Labour leader says remarks about pit closures ‘utterly shameful’ and shows prime minister ‘out of touch’
Keir Starmer has called on Boris Johnson
to apologise for joking about Margaret Thatcher closing coalmines, describing the remarks as “utterly shameful”.
The Labour leader, who represented the the National Union of Mineworkers (NUM) in court over the pit closures orchestrated by the Tories in the 1980s, accused the prime minister of being “out of touch”.
drew outrage on Thursday when he claimed Thatcher had given the UK an “early start” in the shift away from fossil fuels by closing pits and followed up by laughing about it.
In a video on Twitter, Starmer said: “I stood by the miners under the Tories and I stand by their communities now. These communities contributed so much to the success of our country and then they were abandoned. The Tories didn’t care then. And they don’t care now.
“To treat the pain and suffering caused to our coalmine communities as a punchline shows just how out of touch Boris Johnson
is. The prime minister must apologise immediately.”
Earlier, Downing Street declined to apologise for the remarks but said Johnson
recognised “the huge impact and pain” that was felt by communities at the time.
His remarks were also criticised by the Scottish first minister, Nicola Sturgeon, and the Welsh first minister, Mark Drakeford, as well as provoking a backlash among some of his own Tory MPs.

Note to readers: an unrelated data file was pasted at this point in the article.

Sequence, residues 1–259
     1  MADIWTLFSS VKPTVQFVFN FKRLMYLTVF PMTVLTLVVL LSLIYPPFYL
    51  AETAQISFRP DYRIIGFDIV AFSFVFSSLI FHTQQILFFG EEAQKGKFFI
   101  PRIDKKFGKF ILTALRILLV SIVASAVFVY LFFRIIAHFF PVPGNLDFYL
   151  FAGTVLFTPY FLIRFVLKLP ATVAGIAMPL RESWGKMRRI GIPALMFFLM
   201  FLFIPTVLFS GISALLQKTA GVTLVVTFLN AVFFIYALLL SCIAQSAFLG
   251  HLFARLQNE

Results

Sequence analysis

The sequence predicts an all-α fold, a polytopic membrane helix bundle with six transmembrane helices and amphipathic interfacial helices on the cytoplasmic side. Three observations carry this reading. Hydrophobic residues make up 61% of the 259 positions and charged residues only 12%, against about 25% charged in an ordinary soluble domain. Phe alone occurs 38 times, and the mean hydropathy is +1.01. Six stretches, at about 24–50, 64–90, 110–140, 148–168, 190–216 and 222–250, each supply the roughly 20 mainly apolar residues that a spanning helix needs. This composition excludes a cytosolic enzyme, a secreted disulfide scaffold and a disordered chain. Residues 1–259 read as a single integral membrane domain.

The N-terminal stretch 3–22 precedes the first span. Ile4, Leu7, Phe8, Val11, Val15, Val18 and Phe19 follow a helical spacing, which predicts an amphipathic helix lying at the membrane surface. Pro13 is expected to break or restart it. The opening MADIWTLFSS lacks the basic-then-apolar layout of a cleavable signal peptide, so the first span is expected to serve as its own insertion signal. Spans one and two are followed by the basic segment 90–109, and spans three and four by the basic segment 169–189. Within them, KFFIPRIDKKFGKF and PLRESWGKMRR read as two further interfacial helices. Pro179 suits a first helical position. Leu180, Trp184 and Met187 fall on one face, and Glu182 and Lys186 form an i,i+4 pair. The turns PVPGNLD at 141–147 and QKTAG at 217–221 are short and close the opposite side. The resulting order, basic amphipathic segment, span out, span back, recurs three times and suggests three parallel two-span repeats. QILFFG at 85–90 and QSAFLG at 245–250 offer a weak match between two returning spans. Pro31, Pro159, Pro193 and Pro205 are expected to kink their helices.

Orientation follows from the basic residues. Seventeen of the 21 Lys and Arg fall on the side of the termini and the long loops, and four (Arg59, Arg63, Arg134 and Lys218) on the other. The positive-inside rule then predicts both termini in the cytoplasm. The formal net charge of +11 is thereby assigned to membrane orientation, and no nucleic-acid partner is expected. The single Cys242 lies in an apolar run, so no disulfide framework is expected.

Three mayors representing millions of people across former coalfields of northern England said voters would feel as if they were being treated with “utter contempt” by the prime minister.
Dan Jarvis, the mayor of the Sheffield city region, said: “Thatcher’s destruction of the coalmining industry left a trail of devastation across the Yorkshire coalfields, without a thought for the people and communities that were so deeply affected as a consequence. We are still picking up the pieces to this day. Boris Johnson
choosing to laugh about that destructive legacy tells you all you need to know.”
Tracy Brabin, the mayor of West Yorkshire, said Johnson
had shown his “lack of understanding of the devastating impact pit closures had on our communities in West Yorkshire”.
Jamie Driscoll, the mayor of the North of Tyne combined authority, said: “I’m not sure that the miners’ strike has ever been on the syllabus at Eton, but the prime minister’s understanding of history is somewhat skewed.”
As the backlash grew on Friday, the prime minister’s spokesperson declined to offer any regret for his words. “This government has an ambitious plan to tackle the critical issue of climate change, which includes reducing reliance on coal and other non-renewable energy sources,” they said.
“During the visit the prime minister pointed to the huge progress already made in the UK transitioning away from coal and towards cleaner forms of energy, and our commitment to supporting people and industries on that transition.”
Sturgeon said lives and communities across Scotland had been “utterly devastated by Thatcher’s destruction of the coal industry”, adding it had “zero to do with any concern she had for the planet”.
Martin Gannon, the Labour leader of Gateshead council, said: “Boris’s comment is a bit like saying, ‘The harrowing of the north by William the Conqueror was just his way of decreasing the surplus population and introducing modern security measures.’
“Needless to say, Boris’s experience and knowledge of the social and economic consequences of Thatcher’s decarbonisation programme on the former coalfield communities could easily be written on the head of a pin.”
Simon Greaves, the Labour leader of Bassetlaw council, said areas like his were still coming through the legacy of deindustrialisation forced by the Conservatives and was furious that they were being treated as “the butt of a joke by the prime minister”.
“This is a subject that still runs very deep in the minds of local people. They have been outraged by his comments and they can’t believe the insensitivity.”